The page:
Flap Surgery in Periodontics
Neuman claimed the introduction of the mucoperiosteal flap
in 1911. The technique included a intrasulcular incision
and two releasing incisions on both side of the defect area.
Flap was raised up to the level of apices of the teeth.
Gingival margin was trimmed approximately 2mm in the area
of deep pockets with bone removal. Widman introduced the
Widman flap in 1918. He described a trapezoidal flap with
two vertical releasing incisions at the midline of the teeth
and the reverse bebel incision made parallel to the surfaces
of the teeth 1mm from the free gingival margin and extending
to the alveolar crest. The flap assume a scallope appearance.
Bone removal was carried out for better soft tissue adaptation.
As in Neuman’s procedure, the flaps were sutured back
by individual interproximal suture. Cieszynski, however,
was credited with the introduction of reverse bevel incision.
Zentler introduced the mucoperiosteal flap in the U.S.A.
in 1918, with the idea that the procedure was to allow access
for debridement and elimination of granulation tissue as
well as osseous removal by chisels. As we can see flap surgery
was done at the beginning but for the difference purpose
of bone removal and pocket elimination. Apparently the first
description of the flap procedure for the purpose of reattachment
was given by Kirkland in 1931. He used the basic gingival
mucoperiosteal flap design by Neumann in 1920 for initial
flap, but instead of trimming the flap for surgical pocket
elimination, he attempted to eliminate the crevicular epithelial
lining and the inflamed connective tissues by curettage
of the flap. His method has been used as “open subgingival
curettage.” Flap surgery became popular after 1935,
when Kronfeld in his autopsy study of which he stated that
the bone adjacent to the periodontal pockets was neither
necrotic nor infected but rather destroyed by an inflammatory
process. Orban later supported this finding in his own studies.
The main culprit of the disease now has shifted to the soft
tissue. Gingivectomy became popular; however, its problem
of excising the attached gingiva, the frenum attachment,
and the creation of shallowed vestibular trough have prompted
the periodontists to arrive at new technique and procedures
for pocket elimination. In 1954, Nabers described the “repositioning
of the attached gingiva.” For the first time, a mucoperiosteal
flap was apically positioned after treatment. He utilized
one vertical releasing incision which is placed mesially
to the area of the deepest pocket. Later in 1957, he introduced
the inverse bevel incision of which he called the “repositioning
incision” which includes the internal incision from
the gingival margin to the alveolar crest. This incision,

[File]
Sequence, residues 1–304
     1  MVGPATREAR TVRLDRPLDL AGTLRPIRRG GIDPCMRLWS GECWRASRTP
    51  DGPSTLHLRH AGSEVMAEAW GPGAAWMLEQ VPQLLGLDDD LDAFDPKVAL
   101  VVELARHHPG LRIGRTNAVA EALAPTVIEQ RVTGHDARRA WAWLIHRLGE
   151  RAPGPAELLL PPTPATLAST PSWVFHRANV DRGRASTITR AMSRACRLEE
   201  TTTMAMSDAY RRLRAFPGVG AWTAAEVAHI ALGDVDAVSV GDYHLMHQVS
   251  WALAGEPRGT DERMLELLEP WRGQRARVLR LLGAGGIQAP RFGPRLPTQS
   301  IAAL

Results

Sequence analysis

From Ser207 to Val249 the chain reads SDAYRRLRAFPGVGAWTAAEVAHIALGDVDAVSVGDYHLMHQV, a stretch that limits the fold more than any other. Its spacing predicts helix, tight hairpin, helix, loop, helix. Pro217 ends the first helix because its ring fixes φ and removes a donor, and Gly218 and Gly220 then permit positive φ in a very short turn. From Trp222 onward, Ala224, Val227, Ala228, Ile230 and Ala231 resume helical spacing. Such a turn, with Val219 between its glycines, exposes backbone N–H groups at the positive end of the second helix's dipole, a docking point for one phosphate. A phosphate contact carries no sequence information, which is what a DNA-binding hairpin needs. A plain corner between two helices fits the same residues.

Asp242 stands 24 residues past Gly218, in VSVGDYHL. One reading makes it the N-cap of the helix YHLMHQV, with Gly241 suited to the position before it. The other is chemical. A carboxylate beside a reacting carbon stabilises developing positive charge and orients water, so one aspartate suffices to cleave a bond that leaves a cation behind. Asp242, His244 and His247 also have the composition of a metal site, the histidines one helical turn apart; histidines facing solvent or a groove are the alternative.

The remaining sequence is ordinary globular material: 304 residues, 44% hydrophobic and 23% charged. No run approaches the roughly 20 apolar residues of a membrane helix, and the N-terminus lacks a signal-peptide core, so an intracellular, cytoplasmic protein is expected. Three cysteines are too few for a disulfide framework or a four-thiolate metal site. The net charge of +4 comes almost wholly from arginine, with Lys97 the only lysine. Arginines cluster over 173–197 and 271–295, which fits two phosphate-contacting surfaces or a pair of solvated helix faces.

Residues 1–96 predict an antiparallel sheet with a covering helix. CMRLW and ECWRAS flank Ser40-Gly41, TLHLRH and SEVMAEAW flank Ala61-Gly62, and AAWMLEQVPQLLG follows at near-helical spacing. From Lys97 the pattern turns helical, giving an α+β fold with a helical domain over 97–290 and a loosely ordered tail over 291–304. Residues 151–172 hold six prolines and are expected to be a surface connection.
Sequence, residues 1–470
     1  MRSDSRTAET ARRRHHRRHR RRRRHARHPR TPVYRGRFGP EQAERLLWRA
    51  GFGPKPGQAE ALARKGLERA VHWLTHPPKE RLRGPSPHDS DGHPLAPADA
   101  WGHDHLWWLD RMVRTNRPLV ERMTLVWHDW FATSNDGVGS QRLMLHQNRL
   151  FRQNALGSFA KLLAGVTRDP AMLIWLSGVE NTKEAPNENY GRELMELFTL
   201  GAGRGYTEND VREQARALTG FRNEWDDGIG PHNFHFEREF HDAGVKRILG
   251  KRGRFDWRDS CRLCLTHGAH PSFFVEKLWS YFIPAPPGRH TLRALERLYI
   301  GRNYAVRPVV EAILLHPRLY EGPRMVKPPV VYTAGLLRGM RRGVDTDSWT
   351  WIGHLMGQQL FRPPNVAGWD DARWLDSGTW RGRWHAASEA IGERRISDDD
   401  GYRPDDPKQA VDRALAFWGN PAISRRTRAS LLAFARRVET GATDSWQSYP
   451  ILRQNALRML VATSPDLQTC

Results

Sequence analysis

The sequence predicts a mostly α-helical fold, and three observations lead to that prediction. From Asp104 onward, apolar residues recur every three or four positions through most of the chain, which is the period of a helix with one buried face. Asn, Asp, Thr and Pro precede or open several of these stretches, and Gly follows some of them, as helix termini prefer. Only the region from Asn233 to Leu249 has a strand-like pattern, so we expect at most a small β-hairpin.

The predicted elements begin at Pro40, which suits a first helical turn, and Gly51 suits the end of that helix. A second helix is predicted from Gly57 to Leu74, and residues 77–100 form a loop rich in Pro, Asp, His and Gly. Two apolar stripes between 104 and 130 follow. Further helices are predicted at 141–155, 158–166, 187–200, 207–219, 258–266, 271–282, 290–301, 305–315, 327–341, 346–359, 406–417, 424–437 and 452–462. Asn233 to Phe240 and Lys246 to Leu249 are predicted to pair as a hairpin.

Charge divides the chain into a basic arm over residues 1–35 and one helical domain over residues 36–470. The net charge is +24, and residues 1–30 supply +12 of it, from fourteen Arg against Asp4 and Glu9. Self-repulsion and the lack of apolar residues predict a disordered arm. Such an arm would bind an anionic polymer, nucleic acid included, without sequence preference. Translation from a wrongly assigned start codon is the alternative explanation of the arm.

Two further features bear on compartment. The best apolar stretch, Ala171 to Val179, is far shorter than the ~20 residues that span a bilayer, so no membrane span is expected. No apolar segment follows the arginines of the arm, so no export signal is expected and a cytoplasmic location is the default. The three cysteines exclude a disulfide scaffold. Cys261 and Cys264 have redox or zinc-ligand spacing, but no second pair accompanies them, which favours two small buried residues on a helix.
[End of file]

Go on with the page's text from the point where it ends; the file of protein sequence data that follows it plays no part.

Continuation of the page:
he stated, would permit an easier flap reflection and result
in a thinner gingival margin. In that same year, Ariaudo
and Tyrrell modified Nabers’technique and recommending
two vertical releasing incisions instead of just one to
facilitate the mobilization of the flap. At this point,
the only difference from the flap design of Widman is the
apical positioning. Finally, in 1962, Friedman published
the technique in his paper and coined the term “apically
reposition flap”. Today, the word “reposition”
is replaced by the term “position” since reposition
means place the flap back to where it was before
A flap is defined as a loosened section of tissue separated
from the surrounding tissue except at its base. Flap surgery
has been characterized extensively by Carranza and Ramjford
in 1979. In 1979, Carranza classified flap as full thickness
flap and partial thickness flap. Full thickness flap is
surgical procedure of which all soft tissue and the periosteum
are reflected. Partial or split thickness flap is an elevated
flap which includes only epithelium and the layer of underlying
connective tissue. Periosteum was not part of a split thickness
flap. In 1990, Carraza again classified flap according to
their placement at the conclusion of a surgical procedure.
They are repositioned, positioned, or displaced flapes (those
that can be placed apical, coronal, or lateral to its original
position. Unreposition or unreplaced flap are those that
are placed in the position they were found before the surgery.
Another classification of flap types were done by Ramfjord
in 1979, of which he classified periodontal flap surgery
procedure according to the main purpose of the procedure
such as pocket elimination flap, reattachment flap surgery,
and mucogingival repair. Flap for pocket therapy incuded
the modified widman flap, the undisplaced (unrepositioned)
flap, and the apically displaced flap.
The modified widman flap is the one that used for exposing
the root surfaces for instrumentation and debridment and
for removal of poket lining. It is not intended to eliminate